Wednesday, June 3, 2015

4/12/86, Saturday

4/12/86, Saturday

Last night at Lobo Jack I talked to a lot of people. Many of us have reached a point in this journey where we understand that it’s time to move past learning the truth, it’s time to start acting on it. I feel more in tune with humanity down here. Talking to the internationalists, hearing about their work, makes me appreciate the courage of those who take action. I realize that I spend a lot of time in my head, exploring ideas instead of doing anything. Ideas should be utilized, they shouldn't rot in your head like uneaten fruit on a vine. I have to stop being stupid, thinking that planting tomatoes on an agricultural cooperative is going to make any great change in those people’s lives; it probably only made a difference in mine.

I've been offered a teaching job in the mountains just north of Esteli. It’s dangerous territory. The closer you get to Honduras, the closer you get to the fighting, but the children have been in desperate need of teachers for a while. I’m considering it. I could be happy here. I've fallen in love with this country and these people, despite the poverty and the hardship.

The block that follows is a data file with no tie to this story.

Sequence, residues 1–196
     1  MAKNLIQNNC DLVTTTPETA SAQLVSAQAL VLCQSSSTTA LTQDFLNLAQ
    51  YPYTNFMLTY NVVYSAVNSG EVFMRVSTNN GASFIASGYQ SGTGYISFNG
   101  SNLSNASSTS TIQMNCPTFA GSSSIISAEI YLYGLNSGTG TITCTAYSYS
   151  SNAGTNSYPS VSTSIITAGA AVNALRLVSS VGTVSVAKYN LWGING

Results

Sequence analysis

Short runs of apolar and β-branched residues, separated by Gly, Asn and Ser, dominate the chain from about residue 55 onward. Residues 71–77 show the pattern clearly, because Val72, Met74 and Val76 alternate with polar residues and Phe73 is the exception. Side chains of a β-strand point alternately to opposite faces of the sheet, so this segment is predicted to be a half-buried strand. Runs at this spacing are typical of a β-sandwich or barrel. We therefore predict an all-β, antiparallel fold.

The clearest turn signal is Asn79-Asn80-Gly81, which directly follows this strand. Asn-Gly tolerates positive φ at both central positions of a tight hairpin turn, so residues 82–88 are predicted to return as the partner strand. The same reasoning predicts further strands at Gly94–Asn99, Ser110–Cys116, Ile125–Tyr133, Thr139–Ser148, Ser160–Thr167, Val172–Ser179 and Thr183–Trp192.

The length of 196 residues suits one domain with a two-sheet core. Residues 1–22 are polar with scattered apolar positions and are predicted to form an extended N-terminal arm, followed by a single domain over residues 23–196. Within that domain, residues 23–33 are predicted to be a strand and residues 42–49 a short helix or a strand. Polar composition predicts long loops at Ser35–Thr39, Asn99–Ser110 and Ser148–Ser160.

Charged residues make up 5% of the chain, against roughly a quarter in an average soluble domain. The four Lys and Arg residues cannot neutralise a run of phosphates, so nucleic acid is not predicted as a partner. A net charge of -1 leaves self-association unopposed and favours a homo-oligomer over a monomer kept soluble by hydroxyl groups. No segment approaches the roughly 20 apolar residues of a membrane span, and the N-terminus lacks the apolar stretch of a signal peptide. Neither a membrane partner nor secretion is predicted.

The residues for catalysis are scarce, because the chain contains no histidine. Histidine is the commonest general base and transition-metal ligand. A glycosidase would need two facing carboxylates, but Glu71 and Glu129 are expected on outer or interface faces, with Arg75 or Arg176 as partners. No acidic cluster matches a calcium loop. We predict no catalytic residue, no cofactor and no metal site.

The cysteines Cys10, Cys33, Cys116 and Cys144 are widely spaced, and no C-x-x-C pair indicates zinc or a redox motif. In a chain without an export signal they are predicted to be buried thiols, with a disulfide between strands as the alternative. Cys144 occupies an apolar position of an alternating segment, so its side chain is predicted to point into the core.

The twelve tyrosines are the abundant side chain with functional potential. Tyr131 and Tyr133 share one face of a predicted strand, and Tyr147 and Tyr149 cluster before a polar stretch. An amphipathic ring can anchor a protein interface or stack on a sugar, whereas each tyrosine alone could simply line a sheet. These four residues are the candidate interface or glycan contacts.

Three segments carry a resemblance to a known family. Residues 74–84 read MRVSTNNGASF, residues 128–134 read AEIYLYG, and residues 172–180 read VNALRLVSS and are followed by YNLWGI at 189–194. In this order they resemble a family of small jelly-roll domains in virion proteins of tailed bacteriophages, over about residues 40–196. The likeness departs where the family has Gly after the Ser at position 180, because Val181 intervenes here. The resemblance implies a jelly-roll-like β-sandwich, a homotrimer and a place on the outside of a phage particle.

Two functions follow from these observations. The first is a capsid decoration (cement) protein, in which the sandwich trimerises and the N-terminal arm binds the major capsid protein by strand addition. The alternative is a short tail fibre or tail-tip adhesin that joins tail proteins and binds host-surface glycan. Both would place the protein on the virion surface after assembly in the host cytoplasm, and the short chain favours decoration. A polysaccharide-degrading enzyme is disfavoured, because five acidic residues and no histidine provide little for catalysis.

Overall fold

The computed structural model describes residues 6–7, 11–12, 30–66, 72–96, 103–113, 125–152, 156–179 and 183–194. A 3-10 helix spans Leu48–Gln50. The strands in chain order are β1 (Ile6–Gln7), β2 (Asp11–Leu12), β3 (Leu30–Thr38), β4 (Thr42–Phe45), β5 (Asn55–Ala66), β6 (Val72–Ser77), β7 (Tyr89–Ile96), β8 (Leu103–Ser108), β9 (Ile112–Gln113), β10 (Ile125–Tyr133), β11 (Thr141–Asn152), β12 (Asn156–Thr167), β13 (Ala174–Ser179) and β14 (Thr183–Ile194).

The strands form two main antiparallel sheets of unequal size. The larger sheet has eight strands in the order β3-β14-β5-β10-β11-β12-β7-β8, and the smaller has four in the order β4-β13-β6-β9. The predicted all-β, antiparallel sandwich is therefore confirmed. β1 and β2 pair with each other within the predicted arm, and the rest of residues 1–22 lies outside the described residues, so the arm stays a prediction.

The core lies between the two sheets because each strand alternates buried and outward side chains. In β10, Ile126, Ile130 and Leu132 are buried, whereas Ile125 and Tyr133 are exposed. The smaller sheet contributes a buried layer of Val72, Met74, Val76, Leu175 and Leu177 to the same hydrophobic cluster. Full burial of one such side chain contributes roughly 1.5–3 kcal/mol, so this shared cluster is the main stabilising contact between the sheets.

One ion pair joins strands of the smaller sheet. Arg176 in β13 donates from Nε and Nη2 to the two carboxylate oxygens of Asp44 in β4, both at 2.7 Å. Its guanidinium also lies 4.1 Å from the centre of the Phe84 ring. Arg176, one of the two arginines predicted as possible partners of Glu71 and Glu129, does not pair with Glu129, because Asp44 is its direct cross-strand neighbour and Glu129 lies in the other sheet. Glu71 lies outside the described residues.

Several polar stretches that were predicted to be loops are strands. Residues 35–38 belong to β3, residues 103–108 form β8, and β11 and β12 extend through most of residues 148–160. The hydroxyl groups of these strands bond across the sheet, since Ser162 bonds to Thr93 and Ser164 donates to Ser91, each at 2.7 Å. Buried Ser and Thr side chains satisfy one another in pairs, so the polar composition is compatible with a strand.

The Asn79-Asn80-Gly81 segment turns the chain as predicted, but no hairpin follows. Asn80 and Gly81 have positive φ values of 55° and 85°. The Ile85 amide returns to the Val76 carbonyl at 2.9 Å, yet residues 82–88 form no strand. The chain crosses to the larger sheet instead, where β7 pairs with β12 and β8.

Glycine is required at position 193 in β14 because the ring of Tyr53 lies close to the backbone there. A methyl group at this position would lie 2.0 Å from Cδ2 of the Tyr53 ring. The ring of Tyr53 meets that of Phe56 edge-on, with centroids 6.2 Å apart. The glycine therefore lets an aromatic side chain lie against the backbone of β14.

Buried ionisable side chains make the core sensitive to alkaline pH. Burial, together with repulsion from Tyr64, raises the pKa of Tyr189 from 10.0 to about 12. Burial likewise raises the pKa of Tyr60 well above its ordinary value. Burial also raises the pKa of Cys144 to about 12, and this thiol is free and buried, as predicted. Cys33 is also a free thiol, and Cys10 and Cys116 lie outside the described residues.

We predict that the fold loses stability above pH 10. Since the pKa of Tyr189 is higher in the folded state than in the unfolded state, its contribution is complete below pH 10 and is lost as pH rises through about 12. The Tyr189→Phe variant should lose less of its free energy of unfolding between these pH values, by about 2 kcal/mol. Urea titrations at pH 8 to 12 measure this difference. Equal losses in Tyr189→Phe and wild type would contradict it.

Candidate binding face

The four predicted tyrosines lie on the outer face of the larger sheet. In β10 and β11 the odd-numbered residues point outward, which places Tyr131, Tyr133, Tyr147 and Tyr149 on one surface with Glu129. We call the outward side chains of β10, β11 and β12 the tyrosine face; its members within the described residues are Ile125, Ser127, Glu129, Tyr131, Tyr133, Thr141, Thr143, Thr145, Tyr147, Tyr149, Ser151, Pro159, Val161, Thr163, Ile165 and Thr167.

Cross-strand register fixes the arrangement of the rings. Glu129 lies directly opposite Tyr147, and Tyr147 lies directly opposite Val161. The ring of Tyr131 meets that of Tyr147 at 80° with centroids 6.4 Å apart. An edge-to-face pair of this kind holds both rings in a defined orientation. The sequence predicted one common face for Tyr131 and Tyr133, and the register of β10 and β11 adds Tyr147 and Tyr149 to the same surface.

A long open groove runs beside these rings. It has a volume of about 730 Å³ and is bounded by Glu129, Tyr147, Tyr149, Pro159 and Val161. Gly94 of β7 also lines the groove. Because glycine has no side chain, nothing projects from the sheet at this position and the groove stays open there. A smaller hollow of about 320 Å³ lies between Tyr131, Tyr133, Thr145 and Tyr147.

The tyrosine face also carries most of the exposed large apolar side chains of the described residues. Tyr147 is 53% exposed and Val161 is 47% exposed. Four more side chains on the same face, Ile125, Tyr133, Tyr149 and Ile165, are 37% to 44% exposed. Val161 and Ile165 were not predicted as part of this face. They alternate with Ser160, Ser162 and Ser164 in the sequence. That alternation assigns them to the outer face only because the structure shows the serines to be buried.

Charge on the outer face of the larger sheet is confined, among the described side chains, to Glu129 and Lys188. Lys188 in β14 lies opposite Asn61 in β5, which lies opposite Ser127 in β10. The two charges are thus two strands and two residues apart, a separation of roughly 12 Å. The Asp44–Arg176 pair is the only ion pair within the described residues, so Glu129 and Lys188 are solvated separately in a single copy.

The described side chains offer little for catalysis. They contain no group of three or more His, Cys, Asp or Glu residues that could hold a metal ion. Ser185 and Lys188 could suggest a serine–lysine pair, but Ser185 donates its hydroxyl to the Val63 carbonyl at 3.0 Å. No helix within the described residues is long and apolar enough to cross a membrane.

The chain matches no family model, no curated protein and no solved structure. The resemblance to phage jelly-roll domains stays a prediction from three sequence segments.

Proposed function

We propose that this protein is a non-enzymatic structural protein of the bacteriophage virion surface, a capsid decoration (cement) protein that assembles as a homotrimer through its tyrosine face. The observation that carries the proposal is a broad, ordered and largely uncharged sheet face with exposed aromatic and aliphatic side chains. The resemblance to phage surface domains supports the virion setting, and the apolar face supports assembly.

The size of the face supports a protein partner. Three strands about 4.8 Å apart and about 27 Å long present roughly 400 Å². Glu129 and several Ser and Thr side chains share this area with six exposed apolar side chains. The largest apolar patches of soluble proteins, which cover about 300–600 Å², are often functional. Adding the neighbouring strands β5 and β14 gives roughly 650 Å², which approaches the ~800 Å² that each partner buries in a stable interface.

Photo of Nicaraguan people via Chaya Shepard

I still remember my first night, scooping paper out of the toilet with my hand for fear of screwing up the whole neighborhood’s plumbing. Hearing the roosters crow even at night, being exposed to third world living conditions for the first time in my life, finding out that it wasn't uncommon for people to live in boarded up shacks with little or no plumbing; in fact, it was the norm. I remember the first week, getting used to the unannounced water shutoffs, seeing people riding horses on the streets right next to cars, getting used to not having a refrigerator or washing machine, learning to use a scrub board, learning to take bucket baths, learning to tuck the mosquito netting so the little suckers couldn't sneak in under the net; learning what it means to be Nicaraguan. God, I love this place.

I love my own country too, and I miss home and my loved ones and my band. I could also make a difference there; it’s just not as easy to see what needs to be done. There are children who need a bilingual teacher like me in Los Angeles but I can’t abandon Nicaragua. I don’t know what to do.

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